Randy Howg said it is going to cost him at least $15,000 just in propane to clear his land of floodwater thanks to a late snowfall just over a month ago in southern Alberta.
Howg grows a number of crops including wheat, peas and sugar beets south of the town of Enchant, in the Municipal District of Taber. He’s not sure whether Taber or the province will help him cover the cost.
“I know one of my neighbours is helping me out, but I don’t know if the other ones are going to,” he told Global News.
Howg and his family have 35 fields to seed but have only been able to complete one with the water pumps still clearing most of the others.
“You have an uneasy feeling. It’s called stress, but you hope that at the end of the day, the frost won’t come sooner than it did last year,” his son Bryce said.
“We’re eventually going to get everything seeded, but everything is going to be delayed. Even our main seeding is delayed. We’ve got a lot of manpower, but most of the manpower has been on pumping slews,” Howg said.
The later in the season farmers plant sugar beet seeds, the less yield time they have with harvest season running until the end of October.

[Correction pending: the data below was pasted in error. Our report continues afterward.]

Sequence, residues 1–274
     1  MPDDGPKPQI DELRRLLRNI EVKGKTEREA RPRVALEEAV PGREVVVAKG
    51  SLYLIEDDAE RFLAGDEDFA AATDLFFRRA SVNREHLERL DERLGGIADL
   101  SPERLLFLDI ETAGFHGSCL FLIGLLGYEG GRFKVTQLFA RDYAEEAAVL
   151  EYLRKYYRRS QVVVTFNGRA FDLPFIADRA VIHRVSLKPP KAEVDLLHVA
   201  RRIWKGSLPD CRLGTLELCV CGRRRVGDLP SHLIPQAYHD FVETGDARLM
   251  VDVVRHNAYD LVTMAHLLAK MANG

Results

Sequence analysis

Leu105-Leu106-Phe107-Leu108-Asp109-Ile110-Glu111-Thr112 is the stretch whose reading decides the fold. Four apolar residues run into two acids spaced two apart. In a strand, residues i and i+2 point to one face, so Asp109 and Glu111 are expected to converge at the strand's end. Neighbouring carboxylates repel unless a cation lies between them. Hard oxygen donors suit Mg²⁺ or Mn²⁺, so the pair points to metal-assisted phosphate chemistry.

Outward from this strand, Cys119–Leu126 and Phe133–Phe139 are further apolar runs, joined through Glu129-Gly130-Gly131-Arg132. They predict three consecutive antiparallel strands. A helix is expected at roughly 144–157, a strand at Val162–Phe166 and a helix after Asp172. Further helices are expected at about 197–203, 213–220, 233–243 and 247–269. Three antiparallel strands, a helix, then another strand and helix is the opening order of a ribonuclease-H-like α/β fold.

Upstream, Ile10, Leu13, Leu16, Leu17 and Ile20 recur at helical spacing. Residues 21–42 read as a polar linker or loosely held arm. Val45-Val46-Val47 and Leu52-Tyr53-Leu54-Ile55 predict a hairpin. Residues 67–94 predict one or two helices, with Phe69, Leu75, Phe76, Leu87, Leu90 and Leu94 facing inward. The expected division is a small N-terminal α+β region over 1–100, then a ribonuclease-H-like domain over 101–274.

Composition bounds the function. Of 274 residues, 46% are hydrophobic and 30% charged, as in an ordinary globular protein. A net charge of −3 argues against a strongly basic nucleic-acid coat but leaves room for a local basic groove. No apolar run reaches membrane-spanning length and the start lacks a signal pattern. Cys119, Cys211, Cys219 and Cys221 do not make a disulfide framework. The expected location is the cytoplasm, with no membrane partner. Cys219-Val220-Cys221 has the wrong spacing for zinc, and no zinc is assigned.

Southern Alberta is the only source of domestically produced and refined sugar in Canada. The region accounts for 10 per cent of Canada’s sugar production. The rest of the crop grown in Canada is refined outside the country.
“There might be 10 or 15 per cent of the acres that saw seeding severely delayed because of the flooding,” said the president of the Alberta Sugar Beet Growers, Arnie Bergen-Henengouwen.
Global News reached out to the district and the province about financial aid to farmers who suffered losses because of the floods, but has yet to receive a response.
After four continuous weeks of pumping water off his property, Howg will still be unable to seed because he has to wait for the soil to dry.